Freckles are small, circular spots of darkened skin that tend to appear most frequently on the face, arms and shoulders of people with fair complexions. They may appear on children as young as a year old, but may continue to appear randomly, especially after exposure to sun. Freckles occur as a result of an increased pigment called melanin that is distributed unevenly through the skin. The occurrence of freckles tends to be hereditary. The proliferation of freckles can be limited to a certain extent by using sunscreen, sunblock, or other protection against prolonged exposure to sunlight.

Freckles are usually harmless and do not need to be treated or prevented. However, those who are prone to freckling also have an increased risk of skin cancer and should therefore have regular skins checks by a dermatologist. Individuals who freckle easily should also check their own skin periodically and report any of the following symptoms:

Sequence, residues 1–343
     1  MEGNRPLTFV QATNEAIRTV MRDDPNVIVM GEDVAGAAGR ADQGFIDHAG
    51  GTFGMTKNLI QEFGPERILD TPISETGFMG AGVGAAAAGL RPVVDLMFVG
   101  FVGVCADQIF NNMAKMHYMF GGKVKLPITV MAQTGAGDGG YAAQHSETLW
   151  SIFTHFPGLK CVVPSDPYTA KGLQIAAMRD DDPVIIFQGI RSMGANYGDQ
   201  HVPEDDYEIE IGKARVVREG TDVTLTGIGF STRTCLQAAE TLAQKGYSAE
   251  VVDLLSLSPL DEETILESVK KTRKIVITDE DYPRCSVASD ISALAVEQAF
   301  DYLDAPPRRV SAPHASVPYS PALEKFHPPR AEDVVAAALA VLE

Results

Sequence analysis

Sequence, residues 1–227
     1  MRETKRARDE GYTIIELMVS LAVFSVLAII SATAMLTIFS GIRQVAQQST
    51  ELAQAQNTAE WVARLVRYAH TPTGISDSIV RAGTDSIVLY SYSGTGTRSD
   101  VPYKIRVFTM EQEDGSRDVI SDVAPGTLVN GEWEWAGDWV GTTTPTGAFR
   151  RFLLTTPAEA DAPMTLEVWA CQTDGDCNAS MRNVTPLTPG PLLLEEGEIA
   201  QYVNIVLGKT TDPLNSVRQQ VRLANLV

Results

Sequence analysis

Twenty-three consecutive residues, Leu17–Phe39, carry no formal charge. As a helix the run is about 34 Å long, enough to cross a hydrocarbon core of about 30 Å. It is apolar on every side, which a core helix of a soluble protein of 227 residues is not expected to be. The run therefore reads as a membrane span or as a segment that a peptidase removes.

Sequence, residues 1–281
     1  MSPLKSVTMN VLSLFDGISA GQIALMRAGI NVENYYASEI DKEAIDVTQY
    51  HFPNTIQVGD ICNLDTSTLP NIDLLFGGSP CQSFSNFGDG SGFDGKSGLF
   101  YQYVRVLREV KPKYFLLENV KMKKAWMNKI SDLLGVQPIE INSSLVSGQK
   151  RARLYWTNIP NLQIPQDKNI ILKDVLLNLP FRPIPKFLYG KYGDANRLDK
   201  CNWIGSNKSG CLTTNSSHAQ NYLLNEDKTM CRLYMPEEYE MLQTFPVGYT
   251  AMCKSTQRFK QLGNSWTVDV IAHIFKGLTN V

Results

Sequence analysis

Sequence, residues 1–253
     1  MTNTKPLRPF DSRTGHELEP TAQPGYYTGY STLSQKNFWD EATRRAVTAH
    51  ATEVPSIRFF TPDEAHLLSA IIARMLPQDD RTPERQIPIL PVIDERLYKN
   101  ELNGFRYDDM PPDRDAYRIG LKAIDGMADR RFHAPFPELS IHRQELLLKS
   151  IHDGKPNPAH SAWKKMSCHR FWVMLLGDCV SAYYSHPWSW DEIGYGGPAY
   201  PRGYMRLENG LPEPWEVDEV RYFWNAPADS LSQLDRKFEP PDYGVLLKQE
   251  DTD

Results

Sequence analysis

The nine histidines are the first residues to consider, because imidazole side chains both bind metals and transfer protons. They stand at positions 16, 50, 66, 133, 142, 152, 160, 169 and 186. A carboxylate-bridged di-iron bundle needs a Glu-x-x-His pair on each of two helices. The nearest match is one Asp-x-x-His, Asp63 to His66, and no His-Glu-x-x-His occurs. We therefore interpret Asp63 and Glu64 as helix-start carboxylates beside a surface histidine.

• Irregular or multicolored pigmentation
  • Spread of pigmentation beyond the border
  • Growth of new moles or raised spots
  • Tenderness, itching, pain
  • Scaling, flaking, oozing or bleeding

Sometimes, patients with excessive freckling may choose to lighten or reduce their freckles for cosmetic reasons. This can be done with topical bleaching agents, laser treatments, chemical peels or retinoid creams.